- Journal Details
- First Published
- 30 Mar 2016
- Publication timeframe
- 4 times per year
- Open Access
Models to assess the risk of introduction of selected animal viral diseases through the importation of live animals as a key part of risk analysis
Page range: 383 - 389
Introduction of an animal viral disease, especially a notifiable disease, into an importing country or region free from the disease may lead to serious epidemiological consequences and economic losses. Trade in live animals is historically considered one of the most important risk pathways. To estimate the magnitude of such risk, the likelihood of a virus’ entry into a country and the consequences of this event should be jointly evaluated. Depending on data availability, the urgency of the problem and the detail level of the objectives, a risk assessment may be conducted in a qualitative, semi-quantitative or quantitative way. The purpose of this review was firstly to provide a brief description of each step of the risk analysis process, with particular emphasis on the risk assessment component, and subsequently to supply examples of different approaches to the assessment of the risk of the introduction of selected animal viral diseases. Based on the reviewed models, the overall likelihood of introduction of particular diseases was generally estimated as low. The output risk value was strongly dependent on the duration of the silent phase of the epidemic in the country of origin. Other parameters with some bearing upon the risk derived from the epidemiological situation in the country of origin and the biosecurity or mitigation measures implemented in the country of destination. The investigated models are universal tools for conducting assessment of the risk of introduction of various animal diseases to any country. Their application may lead to timely implementation of appropriate measures for the prevention of the spread of a disease to another country or region.
- infectious diseases
- import risk analysis
- risk models
- Open Access
Page range: 391 - 399
Derzsy’s disease and Muscovy duck parvovirus disease have become common diseases in waterfowl culture in the world and their potential to cause harm has risen. The causative agents are goose parvovirus (GPV) and Muscovy duck parvovirus (MDPV), which can provoke similar clinical symptoms and high mortality and morbidity rates. In recent years, duck short beak and dwarfism syndrome has been prevalent in the Cherry Valley duck population in eastern China. It is characterised by the physical signs for which it is named. Although the mortality rate is low, it causes stunting and weight loss, which have caused serious economic losses to the waterfowl industry. The virus that causes this disease was named novel goose parvovirus (NGPV). This article summarises the latest research on the genetic relationships of the three parvoviruses, and reviews the aetiology, epidemiology, and necropsy characteristics in infected ducks, in order to facilitate further study.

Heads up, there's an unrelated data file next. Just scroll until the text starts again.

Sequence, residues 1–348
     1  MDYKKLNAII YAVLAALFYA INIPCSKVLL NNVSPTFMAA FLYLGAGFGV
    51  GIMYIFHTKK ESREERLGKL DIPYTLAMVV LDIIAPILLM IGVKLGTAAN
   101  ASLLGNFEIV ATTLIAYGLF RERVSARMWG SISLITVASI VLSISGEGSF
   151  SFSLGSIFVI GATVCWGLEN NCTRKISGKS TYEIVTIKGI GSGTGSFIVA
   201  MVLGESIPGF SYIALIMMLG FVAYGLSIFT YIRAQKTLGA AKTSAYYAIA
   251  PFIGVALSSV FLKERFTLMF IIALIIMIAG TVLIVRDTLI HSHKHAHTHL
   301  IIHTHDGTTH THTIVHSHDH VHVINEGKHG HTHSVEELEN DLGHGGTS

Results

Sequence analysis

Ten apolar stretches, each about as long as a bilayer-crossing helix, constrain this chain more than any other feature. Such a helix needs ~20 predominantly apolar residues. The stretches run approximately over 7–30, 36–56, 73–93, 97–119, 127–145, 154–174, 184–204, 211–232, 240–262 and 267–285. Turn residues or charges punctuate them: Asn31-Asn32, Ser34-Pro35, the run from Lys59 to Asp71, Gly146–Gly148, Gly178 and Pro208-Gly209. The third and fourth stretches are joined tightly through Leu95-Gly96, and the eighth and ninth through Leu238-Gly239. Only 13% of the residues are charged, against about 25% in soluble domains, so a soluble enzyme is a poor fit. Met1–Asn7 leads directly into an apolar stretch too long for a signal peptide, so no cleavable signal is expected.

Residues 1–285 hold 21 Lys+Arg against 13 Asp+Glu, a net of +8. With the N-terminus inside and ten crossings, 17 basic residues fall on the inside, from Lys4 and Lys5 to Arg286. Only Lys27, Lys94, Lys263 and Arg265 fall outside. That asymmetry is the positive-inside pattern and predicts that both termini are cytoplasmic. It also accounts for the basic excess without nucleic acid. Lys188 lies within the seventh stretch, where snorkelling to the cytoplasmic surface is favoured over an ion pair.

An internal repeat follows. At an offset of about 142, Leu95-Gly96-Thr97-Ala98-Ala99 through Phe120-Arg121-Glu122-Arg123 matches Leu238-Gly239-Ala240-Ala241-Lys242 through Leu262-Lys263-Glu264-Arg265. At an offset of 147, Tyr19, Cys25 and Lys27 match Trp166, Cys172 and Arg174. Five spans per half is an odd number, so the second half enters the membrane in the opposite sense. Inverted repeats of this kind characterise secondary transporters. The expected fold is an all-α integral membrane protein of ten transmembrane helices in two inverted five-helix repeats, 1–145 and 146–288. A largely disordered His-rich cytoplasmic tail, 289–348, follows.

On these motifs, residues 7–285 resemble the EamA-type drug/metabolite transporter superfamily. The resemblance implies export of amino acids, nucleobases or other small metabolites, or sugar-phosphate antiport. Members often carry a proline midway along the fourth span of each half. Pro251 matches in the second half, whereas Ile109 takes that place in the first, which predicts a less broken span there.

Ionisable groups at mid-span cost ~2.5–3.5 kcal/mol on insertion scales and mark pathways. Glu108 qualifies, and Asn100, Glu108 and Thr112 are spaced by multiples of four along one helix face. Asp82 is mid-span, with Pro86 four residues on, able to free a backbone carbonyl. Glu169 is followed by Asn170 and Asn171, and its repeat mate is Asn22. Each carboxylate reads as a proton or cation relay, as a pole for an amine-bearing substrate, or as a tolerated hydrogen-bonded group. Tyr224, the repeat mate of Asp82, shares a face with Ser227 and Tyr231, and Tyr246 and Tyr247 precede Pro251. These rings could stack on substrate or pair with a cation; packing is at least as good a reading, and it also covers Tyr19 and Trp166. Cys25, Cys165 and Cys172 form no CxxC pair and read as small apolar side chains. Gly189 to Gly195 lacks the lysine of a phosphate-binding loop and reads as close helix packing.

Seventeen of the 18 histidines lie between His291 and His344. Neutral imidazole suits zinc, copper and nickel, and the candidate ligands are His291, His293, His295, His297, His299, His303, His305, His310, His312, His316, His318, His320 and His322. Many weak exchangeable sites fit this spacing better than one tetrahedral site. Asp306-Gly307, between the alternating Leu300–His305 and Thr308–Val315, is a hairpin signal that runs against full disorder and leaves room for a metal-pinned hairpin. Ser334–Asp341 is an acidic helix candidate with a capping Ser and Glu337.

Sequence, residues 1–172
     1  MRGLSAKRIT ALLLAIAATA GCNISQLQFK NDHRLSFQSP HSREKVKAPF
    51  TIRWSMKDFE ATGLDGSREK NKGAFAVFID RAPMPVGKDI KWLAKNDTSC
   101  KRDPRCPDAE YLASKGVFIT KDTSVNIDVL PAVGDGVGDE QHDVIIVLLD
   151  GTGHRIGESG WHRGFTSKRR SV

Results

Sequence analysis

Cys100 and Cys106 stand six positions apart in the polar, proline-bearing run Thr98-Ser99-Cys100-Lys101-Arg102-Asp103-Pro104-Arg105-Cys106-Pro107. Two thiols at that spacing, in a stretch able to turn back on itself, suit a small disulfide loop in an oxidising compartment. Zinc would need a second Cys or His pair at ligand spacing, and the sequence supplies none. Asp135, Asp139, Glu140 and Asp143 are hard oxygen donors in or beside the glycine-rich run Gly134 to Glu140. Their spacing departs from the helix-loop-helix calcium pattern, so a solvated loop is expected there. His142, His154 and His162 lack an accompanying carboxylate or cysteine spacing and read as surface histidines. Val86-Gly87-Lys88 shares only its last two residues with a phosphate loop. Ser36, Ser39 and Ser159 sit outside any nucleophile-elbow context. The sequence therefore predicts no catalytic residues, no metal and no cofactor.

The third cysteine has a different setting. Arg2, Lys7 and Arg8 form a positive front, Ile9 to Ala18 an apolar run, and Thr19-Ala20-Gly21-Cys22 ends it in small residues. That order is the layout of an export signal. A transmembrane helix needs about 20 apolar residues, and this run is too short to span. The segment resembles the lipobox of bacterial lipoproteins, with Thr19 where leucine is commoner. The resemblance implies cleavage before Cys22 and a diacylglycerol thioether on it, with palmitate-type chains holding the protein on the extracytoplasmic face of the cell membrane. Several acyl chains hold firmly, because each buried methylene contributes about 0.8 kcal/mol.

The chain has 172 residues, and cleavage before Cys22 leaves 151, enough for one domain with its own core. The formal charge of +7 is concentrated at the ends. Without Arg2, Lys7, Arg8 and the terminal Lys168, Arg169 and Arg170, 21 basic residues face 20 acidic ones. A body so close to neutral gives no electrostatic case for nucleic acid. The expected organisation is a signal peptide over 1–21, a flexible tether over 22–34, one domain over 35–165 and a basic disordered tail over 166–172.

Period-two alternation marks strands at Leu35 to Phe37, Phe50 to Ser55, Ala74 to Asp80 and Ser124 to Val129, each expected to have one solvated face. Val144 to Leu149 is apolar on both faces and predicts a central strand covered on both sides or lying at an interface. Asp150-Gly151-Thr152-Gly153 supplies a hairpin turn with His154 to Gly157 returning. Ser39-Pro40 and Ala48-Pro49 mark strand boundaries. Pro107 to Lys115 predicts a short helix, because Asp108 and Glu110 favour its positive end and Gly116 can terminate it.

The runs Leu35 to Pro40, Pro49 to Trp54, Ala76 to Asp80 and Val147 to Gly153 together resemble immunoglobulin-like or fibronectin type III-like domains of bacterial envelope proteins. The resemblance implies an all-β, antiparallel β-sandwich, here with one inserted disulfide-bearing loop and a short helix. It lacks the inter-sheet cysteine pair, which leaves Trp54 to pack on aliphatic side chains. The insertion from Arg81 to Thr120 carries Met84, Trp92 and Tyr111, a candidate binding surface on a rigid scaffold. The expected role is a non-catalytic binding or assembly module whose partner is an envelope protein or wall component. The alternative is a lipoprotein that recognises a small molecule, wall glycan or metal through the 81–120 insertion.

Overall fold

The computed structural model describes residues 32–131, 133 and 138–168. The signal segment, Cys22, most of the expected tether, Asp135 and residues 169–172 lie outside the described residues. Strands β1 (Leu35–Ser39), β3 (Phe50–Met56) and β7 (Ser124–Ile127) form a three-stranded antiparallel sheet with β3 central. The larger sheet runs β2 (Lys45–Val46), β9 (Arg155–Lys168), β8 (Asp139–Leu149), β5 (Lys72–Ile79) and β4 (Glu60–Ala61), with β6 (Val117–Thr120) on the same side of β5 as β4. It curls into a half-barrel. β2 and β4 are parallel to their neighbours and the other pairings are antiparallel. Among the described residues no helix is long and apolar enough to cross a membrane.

- genetic relationship
- goose parvovirus
- Muscovy duck parvovirus
- novel goose parvovirus
- Open Access
Page range: 401 - 405
The pseudorabies virus (PRV) gene encoding thymidine kinase (tk) is an important virulence-associated factor. Attenuation of PRV in susceptible animals is a frequent result of tk deletion. The aim of the study was to assess the pathogenicity of tk-deleted PRV in rats.
Sprague Dawley rats were infected with the tk-deleted PRV strain SuHV-1 ΔTK:247
Infection with SuHV-1 ΔTK:247 could cause death in rats. The 50% lethal dose (LD50) of SuHV-1 ΔTK:247
The results of this study show that rats are highly susceptible to PRV infection, and tk deletion did not completely diminish the pathogenicity of PRV in rats.
- pseudorabies virus
- thymidine kinase
- Open Access
Page range: 407 - 413
Feline foamy virus (FFVfca) is widespread and its prevalence in naturally infected domestic cats ranges between 30% and 80% worldwide. The infection is persistent, with a sustained antibody response in FFVfca-positive cats; however to date, no defined disease or clinical symptoms have been proved to be associated with it. The goal of the presented study was to determine the prevalence of FFVfca infection in domestic cats in Poland.
A total of 223 serum samples collected from domestic cats were tested with a glutathione S-transferase capture ELISA test to detect antibodies specific to capsid (Gag), accessory (Bet) and envelope (Env) FFVfca antigens. A Western blot test was used to confirm the ELISA results.
The cut-off value for the Gag antigen was established by calculation and evaluation with the immunoblotting assay. The cut-off values for Bet and Env were calculated from the reactivity of Gag-negative samples. The sera of 99 cats (44%) showed reactivity to Gag, those of 80 did so (35.9 %) to Bet, while only 56 samples (25%) were reactive to Env. Only 51 (22.9%) sera were positive for all antigens. The main diagnostic antigen was selected to be Gag. A statistically significant association was found between FFVfca status and the age of the cat.
This study proved the high seroprevalence of FFVfca in domestic cats in Poland for the first time and confirmed that adult cats are at higher FFVfca infection risk than preadult cats. Its results correspond to those reported from other countries.